Sean Crudden made the following submission on behalf of Cooley Environmental and Health Group to Susan O'Reilly in the Department of Finance:-
'What fates decree that man must needs abide
It boots not to resist both wind and tide.'
It is clear that, long before Newton formulated his laws of motion, Shakespeare had more than a primitive understanding of action and reaction, force and energy in nature. Living, as I do, in the Cooley peninsula one is very conscious of all the unharnessed energy in both wind and tide going abegging in this locality. However if it is left to private enterprise and competition to harness this energy I fear it will never happen. "The energy is there," as Ray Stone once said to me on the radio, "It's just a question of how to get at it." I think that the whole question of energy supply will have to be approached rather, in a systematic way, on the basis of public enterprise and co-operation. And things should be beginning to happen around here sooner rather than later.
We are hearing now about the emission of greenhouse gasses and The Kyoto Protocol and even about a "carbon tax." I believe that it is futile to expect the demand for energy to contract as a result of the introduction of carbon tax. The public will grin and bear it and pay up for the kind of conventional energy we now use. The only genuine answer to the environmental dangers from the burning of fossil fuels is the substitution of present energy supply sources by "green" or renewable sources for the supply of energy. The only genuine rationale for a carbon tax is to ringfence the tax and use the money to develop renewable energy production in Cooley and similarly in other parts of Ireland. I have heard it said that it is necessary now to build the machines for harnessing green energy while we have still enough energy left from conventional sources to do the job.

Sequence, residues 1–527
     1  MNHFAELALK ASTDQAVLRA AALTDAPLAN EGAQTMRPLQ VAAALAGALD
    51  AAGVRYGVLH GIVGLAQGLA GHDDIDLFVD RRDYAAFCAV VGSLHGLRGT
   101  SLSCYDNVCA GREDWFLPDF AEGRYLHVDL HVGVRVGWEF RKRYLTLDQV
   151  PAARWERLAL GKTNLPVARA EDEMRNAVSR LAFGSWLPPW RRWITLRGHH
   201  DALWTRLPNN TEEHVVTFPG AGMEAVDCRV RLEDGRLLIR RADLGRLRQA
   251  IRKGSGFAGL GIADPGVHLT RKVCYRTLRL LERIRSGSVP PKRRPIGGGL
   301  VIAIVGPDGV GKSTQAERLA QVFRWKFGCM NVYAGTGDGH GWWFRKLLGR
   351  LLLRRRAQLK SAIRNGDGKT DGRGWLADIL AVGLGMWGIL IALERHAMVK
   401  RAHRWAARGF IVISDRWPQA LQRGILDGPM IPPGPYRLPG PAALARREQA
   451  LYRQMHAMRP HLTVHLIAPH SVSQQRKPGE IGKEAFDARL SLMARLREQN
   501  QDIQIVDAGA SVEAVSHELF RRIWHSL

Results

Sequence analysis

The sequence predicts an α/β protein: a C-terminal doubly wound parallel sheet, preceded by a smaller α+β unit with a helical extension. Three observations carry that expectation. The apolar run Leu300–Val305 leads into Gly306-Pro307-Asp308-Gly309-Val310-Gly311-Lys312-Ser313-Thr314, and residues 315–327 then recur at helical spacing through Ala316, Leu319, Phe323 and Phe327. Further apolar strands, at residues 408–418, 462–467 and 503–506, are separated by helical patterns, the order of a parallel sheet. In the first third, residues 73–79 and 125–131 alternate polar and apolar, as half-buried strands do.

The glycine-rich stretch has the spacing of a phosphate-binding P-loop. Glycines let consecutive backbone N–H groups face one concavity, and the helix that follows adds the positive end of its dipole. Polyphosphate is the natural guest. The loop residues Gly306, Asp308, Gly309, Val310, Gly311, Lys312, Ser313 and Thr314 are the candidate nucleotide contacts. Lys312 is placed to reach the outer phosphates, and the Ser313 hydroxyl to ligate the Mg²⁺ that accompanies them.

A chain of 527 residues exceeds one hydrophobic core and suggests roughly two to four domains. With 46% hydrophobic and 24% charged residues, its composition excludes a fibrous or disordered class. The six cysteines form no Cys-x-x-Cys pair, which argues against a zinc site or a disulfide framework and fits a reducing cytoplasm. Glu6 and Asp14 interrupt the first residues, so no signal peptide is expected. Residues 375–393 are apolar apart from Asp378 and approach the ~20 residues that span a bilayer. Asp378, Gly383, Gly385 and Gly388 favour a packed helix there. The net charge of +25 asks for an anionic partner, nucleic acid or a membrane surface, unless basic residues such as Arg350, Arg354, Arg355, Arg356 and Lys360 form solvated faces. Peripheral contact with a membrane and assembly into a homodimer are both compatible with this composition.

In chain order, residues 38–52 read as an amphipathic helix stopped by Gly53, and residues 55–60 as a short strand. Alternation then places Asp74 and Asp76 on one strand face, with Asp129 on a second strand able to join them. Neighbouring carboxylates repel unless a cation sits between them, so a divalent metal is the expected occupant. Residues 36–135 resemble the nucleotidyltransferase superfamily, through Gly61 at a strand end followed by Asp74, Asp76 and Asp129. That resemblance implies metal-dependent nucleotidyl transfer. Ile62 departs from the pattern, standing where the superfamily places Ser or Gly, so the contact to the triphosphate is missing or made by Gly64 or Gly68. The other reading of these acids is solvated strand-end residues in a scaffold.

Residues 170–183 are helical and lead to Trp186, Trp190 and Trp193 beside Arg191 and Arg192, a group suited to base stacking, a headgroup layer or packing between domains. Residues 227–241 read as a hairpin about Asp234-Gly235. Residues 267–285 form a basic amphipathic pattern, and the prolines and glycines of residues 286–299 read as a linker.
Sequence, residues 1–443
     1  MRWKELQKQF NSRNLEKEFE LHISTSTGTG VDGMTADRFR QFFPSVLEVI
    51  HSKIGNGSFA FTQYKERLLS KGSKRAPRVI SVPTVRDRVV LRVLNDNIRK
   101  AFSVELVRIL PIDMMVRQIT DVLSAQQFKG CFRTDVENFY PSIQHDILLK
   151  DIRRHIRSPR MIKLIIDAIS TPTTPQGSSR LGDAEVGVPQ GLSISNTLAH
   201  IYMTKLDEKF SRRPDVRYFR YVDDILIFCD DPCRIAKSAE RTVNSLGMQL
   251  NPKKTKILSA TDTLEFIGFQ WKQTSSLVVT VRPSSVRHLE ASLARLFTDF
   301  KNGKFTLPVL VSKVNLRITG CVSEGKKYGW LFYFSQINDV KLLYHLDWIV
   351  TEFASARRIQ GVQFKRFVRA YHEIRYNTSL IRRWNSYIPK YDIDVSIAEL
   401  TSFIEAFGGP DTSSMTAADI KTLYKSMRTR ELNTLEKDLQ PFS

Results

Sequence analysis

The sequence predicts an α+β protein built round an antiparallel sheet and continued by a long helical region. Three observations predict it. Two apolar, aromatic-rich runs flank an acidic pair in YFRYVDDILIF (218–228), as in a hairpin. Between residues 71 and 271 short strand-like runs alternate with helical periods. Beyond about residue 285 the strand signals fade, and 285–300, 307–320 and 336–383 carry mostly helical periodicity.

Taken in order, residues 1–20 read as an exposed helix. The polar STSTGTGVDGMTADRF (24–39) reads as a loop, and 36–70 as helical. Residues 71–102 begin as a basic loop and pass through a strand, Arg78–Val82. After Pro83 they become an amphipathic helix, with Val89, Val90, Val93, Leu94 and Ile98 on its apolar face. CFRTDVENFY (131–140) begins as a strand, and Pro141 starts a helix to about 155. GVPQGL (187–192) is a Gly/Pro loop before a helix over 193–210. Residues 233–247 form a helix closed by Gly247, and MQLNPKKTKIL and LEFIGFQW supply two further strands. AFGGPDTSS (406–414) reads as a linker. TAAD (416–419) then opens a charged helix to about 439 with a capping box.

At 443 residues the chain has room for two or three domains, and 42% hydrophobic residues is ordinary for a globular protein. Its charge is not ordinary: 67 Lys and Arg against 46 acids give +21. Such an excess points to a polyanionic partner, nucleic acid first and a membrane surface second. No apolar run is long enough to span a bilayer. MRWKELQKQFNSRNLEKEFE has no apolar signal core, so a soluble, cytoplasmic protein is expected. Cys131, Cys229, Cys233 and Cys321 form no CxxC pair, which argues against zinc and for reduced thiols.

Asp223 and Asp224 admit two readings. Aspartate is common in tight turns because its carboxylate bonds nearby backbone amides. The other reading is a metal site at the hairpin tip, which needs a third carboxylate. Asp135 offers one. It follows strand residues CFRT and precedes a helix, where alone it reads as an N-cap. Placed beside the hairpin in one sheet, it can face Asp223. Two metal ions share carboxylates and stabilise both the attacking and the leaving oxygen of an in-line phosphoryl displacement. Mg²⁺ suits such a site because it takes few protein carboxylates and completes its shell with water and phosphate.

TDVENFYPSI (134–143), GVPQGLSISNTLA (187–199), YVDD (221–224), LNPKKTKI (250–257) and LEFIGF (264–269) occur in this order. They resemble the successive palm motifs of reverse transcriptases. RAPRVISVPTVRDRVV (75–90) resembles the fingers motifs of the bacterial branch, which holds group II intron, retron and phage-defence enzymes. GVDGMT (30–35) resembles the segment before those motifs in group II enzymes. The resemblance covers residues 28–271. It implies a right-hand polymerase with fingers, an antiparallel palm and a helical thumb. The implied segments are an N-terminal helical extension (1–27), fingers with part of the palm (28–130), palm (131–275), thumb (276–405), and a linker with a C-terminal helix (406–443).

The Irish Times (26 July 2003) gave the following report from Reuters:-
'Oil prices slipped to end the week down nearly six per cent on signals that post-war Iraqi exports could finally start to pick up. An early move below the $30 a barrel mark did not last long as tight U.S.fuel stocks leaves little cushion against disruptions during the summer when demand peaks.'
Needless to say even a short report like that underlines concerns about scarcity of fuel and the security and blatantly military dimensions of energy supply and the energy market.
Clearly there is no panacea beyond the creation of new, large-scale and lasting resources of renewable energy.
Cooley Environmental and Health Group.
END of SUBMISSION
Sean received the following acknowledgement from the Department of Finance by e-mail:-
Dear Mr Crudden
I would like to acknowledge receipt of your recent carbon tax submission and to say that your comments will be considered in the context of the consultation process.
Carbon Energy Taxation Consultation
Budget and Economic Division
Department of Finance.